Saturday, September 13, 2014

Disinfecting Food

good food
Disinfecting food before consumption is a great thing to do. It can ensure that your food is safe to eat. Produce can be contaminated in the soil it's growing or during preparation. If the surface you're preparing your food is contaminated, bacteria will spread on it, making it dangerous for you.

Germs that are found in food include E. coli, salmonella, yeast, listeria, and mould. That's why it is important to disinfect all the food before use. Proper handling of produce can make all bacteria disappear. If you don't know how to disinfect food, check this article. Below QualityCleaning Walworth give a few tips to keeping your food clean and healthy.

How to Disinfect Food


What you need:
  • Cutting board
  • Soap or dish detergent
  • Clean cloth/paper towel
  • Knife
  • Produce brush

Instructions:

Before you handle produce, make sure you wash your hands under warm running water for about 20 seconds. Use dish detergent or soap. Then rinse with cold water all the fresh produce and remove any damages or bruised areas. Use a cutting board and knife to cut any rotten areas.

Even if you intend to peel your produce, don't forget to wash it. Produce with a rough or thick shell should be scrubbed with a produce brush. For example, melons and cucumbers.

Rinse well with cold water. Make sure you remove all dirt and debris, then use a paper towel to dry the fresh food.

When you are ready with this step, wash all utensils, adding a dab of detergent. Scrub well and rinse.

Warnings and Tips:
  • Meat and fish products are disinfected during the cooking process. They need to be processed at a very high temperature.
  • When you are processing food such as raw meat, cooked food and fresh produce on a cutting board, be sure to use separate boards to avoid cross contamination.
  • Store produce and meat separately to avoid cross contamination.
  • Make sure you keep your cutting boards, food storage places and kitchen counters clean and sanitised.

Meat and Eggs


It is a well-known fact that salmonella is found in meat and eggs. This type of bacterium can reside both the inside and outside of eggs. The problem is, it's not visible and eggs seem to be normal. If they are digested lightly cooked or even raw, chances are you spend the next couple of weeks in hospital and under quarantine. That's why it's important to cook eggs well and at the right temperature. Salmonella can be killed at 160 degrees F.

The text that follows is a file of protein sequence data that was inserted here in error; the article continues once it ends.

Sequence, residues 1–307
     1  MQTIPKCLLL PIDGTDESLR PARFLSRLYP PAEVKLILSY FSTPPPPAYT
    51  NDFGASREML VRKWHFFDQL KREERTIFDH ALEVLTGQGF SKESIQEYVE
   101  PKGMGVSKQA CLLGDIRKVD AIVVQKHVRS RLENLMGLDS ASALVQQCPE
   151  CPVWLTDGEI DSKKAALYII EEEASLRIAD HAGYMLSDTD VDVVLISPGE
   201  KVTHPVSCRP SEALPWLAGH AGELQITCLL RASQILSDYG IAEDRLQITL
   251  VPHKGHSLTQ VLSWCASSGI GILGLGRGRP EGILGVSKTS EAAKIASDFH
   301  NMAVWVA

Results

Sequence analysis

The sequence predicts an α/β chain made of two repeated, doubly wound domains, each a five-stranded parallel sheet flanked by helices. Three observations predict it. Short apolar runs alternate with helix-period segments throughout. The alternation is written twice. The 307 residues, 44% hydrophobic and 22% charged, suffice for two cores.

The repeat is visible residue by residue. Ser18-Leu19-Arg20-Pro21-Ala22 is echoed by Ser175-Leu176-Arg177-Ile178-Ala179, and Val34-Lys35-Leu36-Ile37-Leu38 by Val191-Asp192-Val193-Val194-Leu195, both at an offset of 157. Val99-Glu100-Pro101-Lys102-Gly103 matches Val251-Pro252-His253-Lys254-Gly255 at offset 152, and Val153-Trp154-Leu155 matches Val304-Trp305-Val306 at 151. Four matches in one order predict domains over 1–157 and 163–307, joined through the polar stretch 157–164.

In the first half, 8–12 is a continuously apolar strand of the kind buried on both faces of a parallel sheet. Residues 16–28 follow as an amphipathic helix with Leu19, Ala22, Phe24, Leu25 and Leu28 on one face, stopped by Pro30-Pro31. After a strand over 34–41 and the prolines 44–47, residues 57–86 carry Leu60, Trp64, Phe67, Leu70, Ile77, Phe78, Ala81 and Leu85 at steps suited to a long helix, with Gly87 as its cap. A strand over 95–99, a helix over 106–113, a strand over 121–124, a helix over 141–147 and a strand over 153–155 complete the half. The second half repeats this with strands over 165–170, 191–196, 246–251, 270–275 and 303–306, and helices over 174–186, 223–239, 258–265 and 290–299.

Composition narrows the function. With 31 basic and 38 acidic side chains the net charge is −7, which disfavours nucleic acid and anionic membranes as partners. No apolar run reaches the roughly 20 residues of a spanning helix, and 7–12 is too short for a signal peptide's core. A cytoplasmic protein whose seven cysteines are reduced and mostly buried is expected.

Poultry must be cooked until a temperature of 165 degrees F is reached.

More tips:
  • It is a wise idea to keep eggs in cool places. The best temperature for them is ≤40° F (≤4° C).
  • Do not keep eggs at room temperature.
  • Always make sure you eat eggs right after cooking.
  • People with weakened immune systems, children and elderly people should not consume raw, lightly cooked eggs or undercooked meat.
  • Symptoms of salmonella include: chills, diarrhea, vomiting, nausea, headache, abdominal cramps, blood in the stools. If you notice anything like that, immediately contact your health care provider.

How to Wash your Utensils and Tools


Blender gasket should be hand-washed or, if possible, placed in the dishwasher. Wooden spatula can be either placed in the dishwasher or hand-washed. Use hot water and a dab of detergent, Rub well, rinse and dry. Can opener can be washed in hot soapy water. Remove all the debris carefully, then rinse well with water. You can put it in the dishwasher as well. Before you do, scrub lightly.


Written by a writer who wished to remain anonymous.

4 comments:

  1. This is probably why our ancestors lived on stews, mostly. Keep in mind that cooking does destroy vitamin C, so be sure to either take a vitamin supplement or have some kind of fortified drink available.

    ReplyDelete
  2. With the knowledge of sanitation, people live notably longer than even 100 years ago. They did have tricks before pasteurization and refrigeration but they were not as effective. Now we have to consider the nutrients that these methods remove from our foods instead of the microbes that they slow.

    ReplyDelete
  3. So much of the reason to always wash foods but especially those commercially grown are not only the possible pesticides but the fact field workers often defecate and urinate riight where they are at. I prefer to garden myself, although you cant frow it all.

    ReplyDelete
  4. Washing fruits and vegetables in a solution of water and vinegar cleans them as well as killing bacteria.

    ReplyDelete

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